Asset Management and Maintenance by Councils

Tabled: 19 February 2014

2 Councils' asset management frameworks

At a glance

Background

Better practice asset management requires councils to develop and apply a sound asset management framework that includes a policy, strategy, plans and governance arrangements for the effective management of all infrastructure assets.

Conclusion

Councils have improved their asset management frameworks. However, they do not yet meet better practice standards. Progress has been made with the guidance and support available to the sector, but it has been relatively slow. Local Government Victoria guidance and support needs to be reviewed and updated.

Findings

  • There is wide variation in the level of competency achieved by councils in developing effective governance arrangements, strategies and plans for asset management.
  • There are significant deficiencies in the asset management plans of most councils which inhibit their effective implementation. Many plans do not adequately link to councils' intended community service levels, and some are incomplete.

Recommendations

Local councils should:

  • accelerate efforts to review and update their asset management frameworks, policies and strategies to meet better practice standards
  • make sure they have comprehensive asset management plans for all major asset categories.

Local Government Victoria should:

  • update its asset management guidance material and review its support and guidance to ensure it targets common issues facing councils
  • in conjunction with councils and the Municipal Association of Victoria, review the use and application of the National Asset Management Assessment Framework and its appropriateness for driving improvement in asset management performance.

2.1 Introduction

To be able to manage their assets effectively and efficiently, councils should have a sound asset management framework that includes appropriate governance arrangements and asset management policies, strategies and plans that are well developed and integrated.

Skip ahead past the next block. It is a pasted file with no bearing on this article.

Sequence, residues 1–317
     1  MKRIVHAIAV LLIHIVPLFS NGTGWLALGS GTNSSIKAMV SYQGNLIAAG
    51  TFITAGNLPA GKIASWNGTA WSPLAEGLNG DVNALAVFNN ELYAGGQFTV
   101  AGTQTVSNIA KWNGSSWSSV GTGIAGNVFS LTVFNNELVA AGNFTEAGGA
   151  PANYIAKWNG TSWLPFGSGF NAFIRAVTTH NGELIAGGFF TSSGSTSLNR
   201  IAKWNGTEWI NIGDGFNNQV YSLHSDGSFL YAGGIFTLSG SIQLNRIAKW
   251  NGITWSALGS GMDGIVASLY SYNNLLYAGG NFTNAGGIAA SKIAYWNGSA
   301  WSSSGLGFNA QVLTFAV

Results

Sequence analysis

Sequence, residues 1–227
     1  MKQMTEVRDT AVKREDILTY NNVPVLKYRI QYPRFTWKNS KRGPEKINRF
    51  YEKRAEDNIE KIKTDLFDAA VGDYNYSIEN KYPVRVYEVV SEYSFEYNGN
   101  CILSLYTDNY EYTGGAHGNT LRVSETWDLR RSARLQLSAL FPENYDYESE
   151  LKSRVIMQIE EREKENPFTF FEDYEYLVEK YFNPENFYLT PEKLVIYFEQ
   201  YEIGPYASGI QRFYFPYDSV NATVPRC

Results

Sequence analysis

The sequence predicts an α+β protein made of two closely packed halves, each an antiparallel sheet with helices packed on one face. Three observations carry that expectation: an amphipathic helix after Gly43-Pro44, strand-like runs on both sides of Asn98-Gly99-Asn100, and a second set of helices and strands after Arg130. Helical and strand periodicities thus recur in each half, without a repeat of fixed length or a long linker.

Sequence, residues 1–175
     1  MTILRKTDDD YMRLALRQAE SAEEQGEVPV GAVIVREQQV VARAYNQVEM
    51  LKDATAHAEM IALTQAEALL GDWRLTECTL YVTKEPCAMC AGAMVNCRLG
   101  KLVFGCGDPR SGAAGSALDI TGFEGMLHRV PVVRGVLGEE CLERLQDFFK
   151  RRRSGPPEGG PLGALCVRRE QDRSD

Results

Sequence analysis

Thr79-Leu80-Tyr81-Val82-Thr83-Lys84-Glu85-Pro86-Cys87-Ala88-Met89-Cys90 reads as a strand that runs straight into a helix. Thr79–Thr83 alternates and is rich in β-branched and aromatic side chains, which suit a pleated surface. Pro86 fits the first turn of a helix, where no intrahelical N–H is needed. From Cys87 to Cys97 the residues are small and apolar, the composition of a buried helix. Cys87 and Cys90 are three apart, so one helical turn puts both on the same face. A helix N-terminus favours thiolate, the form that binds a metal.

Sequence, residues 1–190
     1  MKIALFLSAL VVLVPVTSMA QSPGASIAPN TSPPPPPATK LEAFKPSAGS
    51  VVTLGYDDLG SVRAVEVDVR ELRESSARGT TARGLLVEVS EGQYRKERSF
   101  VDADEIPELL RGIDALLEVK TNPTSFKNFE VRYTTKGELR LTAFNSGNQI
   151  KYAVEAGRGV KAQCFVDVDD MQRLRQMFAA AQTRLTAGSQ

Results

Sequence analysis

2.2 Conclusion

While improvements have been made in recent years, the audited councils remain below the 'core' level of maturity in the development of their asset management frameworks, as measured by national benchmarks. This is in keeping with the performance of most Victorian councils, the vast majority of which are below core competency.

Some areas have improved, such as the quality of asset management plans and the effectiveness of their implementation. However, intended service levels and standards need to be more clearly and urgently linked to asset management plans.

Local Government Victoria (LGV) needs to review and update its asset management guidance material. More assistance from LGV to councils with their asset management challenges could see quicker progress towards councils achieving best practice. LGV could provide more targeted support for councils to address common challenges such as developing appropriate asset management information systems, developing a set of asset management performance indicators to compare council performance, and providing advice on dealing with the growing renewal gap.

2.3 Elements of a sound asset management framework

Key components of a sound asset management framework include:

  • governance arrangements incorporating an accountability structure that identifies roles and responsibilities
  • an agreed policy that establishes the principles and requirements for asset management
  • a strategy that sets out the actions needed to implement the policy and links the asset portfolio to service delivery needs
  • asset management plans that link to the policy, strategy, long-term financial plans and intended levels of service
  • current and planned levels of service established in asset management plans, prepared in consultation with the community.